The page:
Death lives in the streets: a true story

Ghouls and and goblins rule Halloween, but my nightmares reside on the road all-year-round

I’ve had the feeling that I am going to die young for some time now, but how? When will I meet this possibly realistic outcome that puts me 6 feet under? My imagination runs wild with the different outcomes I might meet. Shot to death? Highly unlikely, but one can never rule out any scenarios in today’s world. I’m guessing an accident of some sort.

After a long day at Saddleback College, I could hardly wait to get home to my dog and bed. My 2010 Triumph Bonneville motorcycle waited for me in the parking lot as I exited my final class. Being on the newspaper is no joke, considering how much it takes over your life, like a prisoner some days, but I love it. I threw my leg over the black leather seat and fired up the engine, letting the bike roar as I twist the throttle.

The thing about riding is a motorcycle is that it is dangerous, probably more dangerous than non-riders could imagine.

“Don’t get killed,” my family says. Yeah, no shit. I’d like to live another 40 years if that is possible for me.

I had strategically dressed for the occasion: reinforced kevlar jeans, a padded jacket and combat boots to protect my body if any incidents occurred. My dad and I always laugh when we see motorcyclists under dressed, which is sick in its own sense. There is a reason why the street is nicknamed “the meat grinder.”

I pulled out of the college and rode off into the distance, leaving behind any stress that burdened me. When you feel the wind rushing past you, freedom flows through your veins, igniting the adrenaline. I just wanted to be home.

Short cut? The lineup of cars turning right onto Marguerite Pkwy was far to long to wait, so I think yes. As I roll through the Shell gas station, eyes make their way onto me as my exhaust screams out, “Hey! I’m here so don’t hit me!” From the driveway, I look left for oncoming cars. The coast is clear. I get on the throttle, hitting 40 mph in just a few seconds to set the pace for myself as I approach the downhill bridge. Nothing in the world could take away my happiness at that moment. Except the car cutting me off.

Oh shit.

Before I knew it, I was sliding across the street on my stomach, screaming out to God to save me from this terrible act. Memories flashed through my head like lightning bolts. My mom hugging me, my sisters saying goodbye when I moved from central California to Orange County, my dad telling me that morning to be safe, all of the good times about to go to waste because this Camry couldn’t wait to send that text.

I slid on my stomach as my motorcycle made its way down the street, sparking and bouncing violently. My screams amplified inside my helmet as I looked up to see another car coming my way. My body hit the light deflectors in the road like miniature speed bumps, striking me in the genitals. I instinctively swallowed, unfortunately also taking in the chewing tobacco in my mouth, instantly causing extreme nausea. Miraculously, I rolled out of the way into the median before I could be turned into a human pancake and stumbled to the side of the road in shock.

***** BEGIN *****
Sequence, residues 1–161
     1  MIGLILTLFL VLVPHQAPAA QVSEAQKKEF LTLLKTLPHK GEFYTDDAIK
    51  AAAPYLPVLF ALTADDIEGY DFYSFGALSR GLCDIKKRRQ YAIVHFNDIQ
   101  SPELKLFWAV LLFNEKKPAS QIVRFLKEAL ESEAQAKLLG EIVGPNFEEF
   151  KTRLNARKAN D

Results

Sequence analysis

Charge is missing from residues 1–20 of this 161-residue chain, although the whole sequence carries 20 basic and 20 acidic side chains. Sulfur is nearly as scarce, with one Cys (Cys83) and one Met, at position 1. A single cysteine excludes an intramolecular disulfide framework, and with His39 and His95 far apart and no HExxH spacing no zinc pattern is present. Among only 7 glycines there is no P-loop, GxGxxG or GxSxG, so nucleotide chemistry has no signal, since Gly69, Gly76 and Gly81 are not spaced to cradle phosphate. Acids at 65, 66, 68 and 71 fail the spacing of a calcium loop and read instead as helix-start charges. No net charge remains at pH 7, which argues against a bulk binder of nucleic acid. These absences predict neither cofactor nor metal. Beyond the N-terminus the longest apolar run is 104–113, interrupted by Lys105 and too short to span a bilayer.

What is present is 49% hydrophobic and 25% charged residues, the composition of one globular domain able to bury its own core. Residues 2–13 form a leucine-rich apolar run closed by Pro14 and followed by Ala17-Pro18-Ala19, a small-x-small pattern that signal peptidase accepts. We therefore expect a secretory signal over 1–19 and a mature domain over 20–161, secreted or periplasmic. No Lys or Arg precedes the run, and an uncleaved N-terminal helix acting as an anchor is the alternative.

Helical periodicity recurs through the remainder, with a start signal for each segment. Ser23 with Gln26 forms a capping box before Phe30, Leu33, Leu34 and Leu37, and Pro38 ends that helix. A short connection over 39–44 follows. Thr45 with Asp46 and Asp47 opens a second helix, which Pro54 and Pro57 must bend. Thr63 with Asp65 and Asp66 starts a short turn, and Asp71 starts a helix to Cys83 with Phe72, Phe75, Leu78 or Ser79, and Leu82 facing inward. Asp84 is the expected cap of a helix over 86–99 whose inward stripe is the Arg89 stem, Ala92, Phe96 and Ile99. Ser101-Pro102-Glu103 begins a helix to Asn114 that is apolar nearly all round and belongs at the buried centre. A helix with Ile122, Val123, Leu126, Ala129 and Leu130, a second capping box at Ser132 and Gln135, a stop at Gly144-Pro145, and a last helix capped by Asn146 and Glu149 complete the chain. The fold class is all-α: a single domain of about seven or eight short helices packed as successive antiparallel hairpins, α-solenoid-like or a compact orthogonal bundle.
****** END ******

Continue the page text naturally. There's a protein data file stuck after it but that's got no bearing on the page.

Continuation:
What the actual fuck just happened?

I looked down at what was left of my clothing, worrying more so about the motorcycle’s condition than my own. My jacket, or what was may jacket, had both its sleeves dangling by what was left of the stitching. I had only acquired minor injuries, quarter-sized burns on my elbows and knees from the asphalt.

Paramedics arrived on the scene, checking me for a possible concussion but I knew I was okay. I was more so scared to call my dad to tell him I wrecked. Bonne was the first bike that he had owned, passing it down to me when he purchased his Harley.

“Hey dad, I need your help.”

Without any hesitation, my dad left his dinner party and brought our truck to take the bike home. Bonne was badly scraped up, almost like she had been to hell and back. Hell, we both did. I was able to push the bike into a nearby apartment complex to avoid being hit on the side of the road. If I had a cigarette, I would have definitely smoked it.

I see the familiar red Dodge pickup truck pull into the parking lot, help had arrived. I thought a lecture would follow the slam of the driver side door, but my dad hugged me. It was unlike any hug I had ever received, the kind you give a returning soldier after deployment.

“I’m glad you’re alive,” my dad said.

Shit, me too. I had looked death in the eyes: they were bright red with flashing amber. He put his blinker on but didn’t bother to look where he was driving. I sat in the passenger seat of my truck, thinking about the consequences that would follow the accident. There was no more weekend rides, no more late night cruises, but the important thing is that I had my life. I was still breathing, my family still loved me and I was going to get my bike back one day.

Life is horrifying, one wrong move and everything you ever worked towards goes to waste. I still ride Bonne to this day, scratched up and all. I’ve been in two accidents, have had numerous close calls and watched my dad almost get killed by a minivan, but I still love it.

I’m not scared of dying anymore. The unknown eternity of death doesn’t make me nervous, darkness doesn’t reign over my nerves. I’m afraid of leaving earth without saying goodbye to my family.

Don’t text and drive, you might just meet death your, or lose a mirror. Your choice.

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